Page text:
The Sober Life
Christopher Kennedy Lawford brings his story of recovery and redemption to Pasadena
By Carl Kozlowski 01/23/2013
Growing up in a world of showbiz and political privilege as the son of movie star Peter Lawford and the nephew of President John F. Kennedy, Christopher Kennedy Lawford couldn’t have imagined that alcohol and drug addiction would eventually cost him his share of the family fortune and very nearly his life.
But when he bottomed out at age 30 after a decade of wild living, he found the strength to regain his sobriety, maintain it for 26 years and even help countless others around the globe with both his own story and by collecting and sharing the addiction struggles and victories of others.
Lawford has recently released the third in a series of books he has written on the topics of recovery and sobriety, “Recover to Live: Kick Any Habit, Manage Any Addiction,” and will be discussing it at 6 p.m. Monday at the Pasadena Recovery Center. With a panel of prominent guests, including Dr. Drew Pinsky, Pasadena Mayor Bill Bogaard, LA County Supervisor Michael Antonovich and LA County Sheriff Lee Baca scheduled to attend, the event is just one example of how far Lawford has come — a fact that should inspire anyone involved with such battles.
“This is not an illness that affects a certain segment of the population, because 10 percent of the population has it, and that makes it a disease that crosses all demographics,” says Lawford. “It’s often activated during one’s teenage years because teens experiment, but there’s a genetic predisposition to it, and traumatic events in adolescence set it off.”
Lawford’s own childhood traumas were on an epic scale, as he suffered through the assassinations of his beloved uncles John and Robert Kennedy. But in a recent phone interview, he was remarkably mild-mannered about his storied lineage. He noted that two-thirds of Americans will be touched at one level or another by traumatic events in their lifetimes.
While Lawford achieved sobriety in 1986, he only turned to writing publicly about it with his 2005 New York Times bestselling memoir “Symptoms of Withdrawal.” The book chronicled his descent into near-fatal drug and alcohol addiction and the battle back to sobriety.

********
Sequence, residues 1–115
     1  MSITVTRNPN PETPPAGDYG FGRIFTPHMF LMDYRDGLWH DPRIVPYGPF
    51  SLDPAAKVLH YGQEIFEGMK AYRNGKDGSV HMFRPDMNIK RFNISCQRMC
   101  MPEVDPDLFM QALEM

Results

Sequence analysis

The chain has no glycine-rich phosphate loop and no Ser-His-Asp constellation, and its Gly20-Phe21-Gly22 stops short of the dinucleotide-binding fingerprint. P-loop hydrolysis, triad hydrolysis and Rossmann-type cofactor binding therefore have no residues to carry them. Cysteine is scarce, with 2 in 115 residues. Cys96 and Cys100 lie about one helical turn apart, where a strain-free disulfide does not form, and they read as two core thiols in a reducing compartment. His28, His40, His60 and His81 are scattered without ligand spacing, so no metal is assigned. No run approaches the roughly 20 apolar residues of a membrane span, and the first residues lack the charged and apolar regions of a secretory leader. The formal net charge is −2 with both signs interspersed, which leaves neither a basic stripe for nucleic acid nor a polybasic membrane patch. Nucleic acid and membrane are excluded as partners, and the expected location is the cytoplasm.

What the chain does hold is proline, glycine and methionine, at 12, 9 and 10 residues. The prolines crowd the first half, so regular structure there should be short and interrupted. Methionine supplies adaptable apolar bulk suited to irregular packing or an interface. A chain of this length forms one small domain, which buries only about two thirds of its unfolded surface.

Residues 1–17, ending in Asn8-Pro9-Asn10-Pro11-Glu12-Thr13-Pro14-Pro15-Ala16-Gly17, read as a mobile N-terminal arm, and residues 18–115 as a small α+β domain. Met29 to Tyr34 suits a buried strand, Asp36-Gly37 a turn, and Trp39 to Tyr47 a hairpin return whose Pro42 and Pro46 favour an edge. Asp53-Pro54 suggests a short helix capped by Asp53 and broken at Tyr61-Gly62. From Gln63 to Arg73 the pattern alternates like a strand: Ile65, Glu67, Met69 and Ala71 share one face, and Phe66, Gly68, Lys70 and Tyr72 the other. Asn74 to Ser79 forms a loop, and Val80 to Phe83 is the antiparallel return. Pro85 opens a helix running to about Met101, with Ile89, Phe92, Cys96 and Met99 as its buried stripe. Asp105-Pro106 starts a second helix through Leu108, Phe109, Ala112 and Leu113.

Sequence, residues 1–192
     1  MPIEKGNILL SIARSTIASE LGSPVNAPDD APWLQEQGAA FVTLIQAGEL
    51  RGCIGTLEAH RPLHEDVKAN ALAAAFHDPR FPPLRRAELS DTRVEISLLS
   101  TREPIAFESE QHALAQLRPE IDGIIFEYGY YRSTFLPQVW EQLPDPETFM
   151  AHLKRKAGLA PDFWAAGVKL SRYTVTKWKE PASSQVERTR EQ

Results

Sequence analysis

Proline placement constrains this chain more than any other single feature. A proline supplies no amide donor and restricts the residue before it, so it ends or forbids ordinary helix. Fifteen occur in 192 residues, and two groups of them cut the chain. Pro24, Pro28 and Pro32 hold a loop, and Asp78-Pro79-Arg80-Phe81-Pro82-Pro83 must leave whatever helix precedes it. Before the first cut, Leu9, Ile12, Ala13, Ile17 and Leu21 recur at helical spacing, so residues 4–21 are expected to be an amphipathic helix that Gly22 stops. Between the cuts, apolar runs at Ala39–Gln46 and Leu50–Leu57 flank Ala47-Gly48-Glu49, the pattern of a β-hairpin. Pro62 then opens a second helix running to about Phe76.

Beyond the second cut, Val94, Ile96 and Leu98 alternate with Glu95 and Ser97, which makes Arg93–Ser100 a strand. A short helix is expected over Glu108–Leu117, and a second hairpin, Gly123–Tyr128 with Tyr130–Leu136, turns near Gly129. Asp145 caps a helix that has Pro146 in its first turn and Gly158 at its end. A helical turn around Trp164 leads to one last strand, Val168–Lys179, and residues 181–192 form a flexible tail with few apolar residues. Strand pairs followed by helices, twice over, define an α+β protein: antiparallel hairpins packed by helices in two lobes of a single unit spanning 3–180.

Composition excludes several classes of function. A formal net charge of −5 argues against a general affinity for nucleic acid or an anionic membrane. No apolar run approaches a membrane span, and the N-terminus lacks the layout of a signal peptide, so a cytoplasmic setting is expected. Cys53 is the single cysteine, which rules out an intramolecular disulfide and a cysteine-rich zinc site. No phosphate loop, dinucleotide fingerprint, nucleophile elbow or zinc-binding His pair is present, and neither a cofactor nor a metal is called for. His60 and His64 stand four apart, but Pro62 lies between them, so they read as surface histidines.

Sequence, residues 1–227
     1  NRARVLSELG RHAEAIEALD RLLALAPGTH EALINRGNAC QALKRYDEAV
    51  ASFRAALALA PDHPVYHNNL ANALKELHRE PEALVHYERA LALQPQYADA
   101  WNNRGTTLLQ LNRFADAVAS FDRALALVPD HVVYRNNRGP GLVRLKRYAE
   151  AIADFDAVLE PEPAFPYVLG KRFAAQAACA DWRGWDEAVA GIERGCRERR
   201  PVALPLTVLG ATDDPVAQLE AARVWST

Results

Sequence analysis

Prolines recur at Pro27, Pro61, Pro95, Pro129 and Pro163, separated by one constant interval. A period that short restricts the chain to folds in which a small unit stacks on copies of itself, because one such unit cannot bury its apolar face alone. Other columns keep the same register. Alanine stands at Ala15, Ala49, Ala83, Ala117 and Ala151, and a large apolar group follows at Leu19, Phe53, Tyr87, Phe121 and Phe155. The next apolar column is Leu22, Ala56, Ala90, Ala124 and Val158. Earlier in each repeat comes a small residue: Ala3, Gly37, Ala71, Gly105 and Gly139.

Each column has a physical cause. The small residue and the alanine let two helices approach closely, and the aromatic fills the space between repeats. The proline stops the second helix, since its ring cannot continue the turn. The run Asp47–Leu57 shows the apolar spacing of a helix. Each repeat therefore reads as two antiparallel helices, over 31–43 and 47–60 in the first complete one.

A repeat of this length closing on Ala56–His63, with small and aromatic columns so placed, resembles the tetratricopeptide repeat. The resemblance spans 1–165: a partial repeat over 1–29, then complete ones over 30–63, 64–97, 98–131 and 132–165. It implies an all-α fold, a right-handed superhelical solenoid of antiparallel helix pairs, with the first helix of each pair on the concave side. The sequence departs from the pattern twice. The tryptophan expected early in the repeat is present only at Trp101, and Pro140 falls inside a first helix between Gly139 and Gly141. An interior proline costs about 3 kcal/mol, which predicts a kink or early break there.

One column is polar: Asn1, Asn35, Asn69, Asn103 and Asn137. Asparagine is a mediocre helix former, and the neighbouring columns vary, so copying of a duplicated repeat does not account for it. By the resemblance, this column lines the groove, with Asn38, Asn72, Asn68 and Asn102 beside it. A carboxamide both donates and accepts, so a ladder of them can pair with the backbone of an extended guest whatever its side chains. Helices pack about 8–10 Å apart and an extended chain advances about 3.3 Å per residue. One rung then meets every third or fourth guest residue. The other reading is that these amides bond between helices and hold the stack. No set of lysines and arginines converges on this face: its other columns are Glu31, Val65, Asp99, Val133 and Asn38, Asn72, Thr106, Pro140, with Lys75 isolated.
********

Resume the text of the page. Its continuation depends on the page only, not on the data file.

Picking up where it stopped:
“I wasn’t intending on becoming a poster boy for addiction, but Norman Mailer said I was the only one in the family who could write, so I decided to tell my story to establish a writing career,” recalls Lawford. “I tried to write a novel right after my memoir, but because it’s such a prominent disease that no one wants to talk about, there was a lot of pressure on me to continue in this arena, and I really couldn’t turn my back on that.”
Indeed, Lawford next turned to writing the book “Moments of Clarity: Voices from the Front Lines of Addiction and Recovery,” which collected 44 personal stories of awakening that illuminated the spiritual epiphanies people reach on the journey from addiction to recovery. Along the way, he shared both his own hard-won wisdom and those of the experts he interviewed in the process of writing.
He notes that the key to understanding addiction is to realize that it is a brain disease, and that it is possible to do something about it. He also believes that “getting honest with yourself is the first thing to do,” as many addicts suffer from denial and don’t believe they have a problem.
“What’s really exciting is that as scientists and doctors realize that addiction is a real brain disease, they’re able to research the problem through neuroscience, which could ultimately cure it,” says Lawford. “Experts believe we’re just beginning to understand the brain, so our optimism is huge.”
Despite his focus on addiction and those who have learned lessons from overcoming it, Lawford says that his new book isn’t only for addicts. In fact, he believes that the best audiences for it are people who are at a stage where they have bad habits but haven’t yet become fully hooked on a destructive behavior.
“This book should guide people in how to deal with their problems in a non-expensive and practical way,” says Lawford. “Just find a community of people that supports you. It helps to have expanded consciousness, whether it’s spiritual or anything else that elevates your attitude and mind. Take one day at a time, all the classic ideas are classic because they’re true.
“Most people think giving up an addiction or bad habit is also the end of their life and having fun with it, but they’re not seeing how good life can really be,” he concludes. “So if it’s not working for you, this book can change your life.”
Christopher Lawford will discuss his life and book “Recover to Live: Kick Any Habit, Manage Any Addiction” at 6 p.m. Monday at the Pasadena Recovery Center, 1811 N. Raymond Ave., Pasadena. Admission is free. Call (626) 345-9992 or visit pasadenarecoverycenter.com.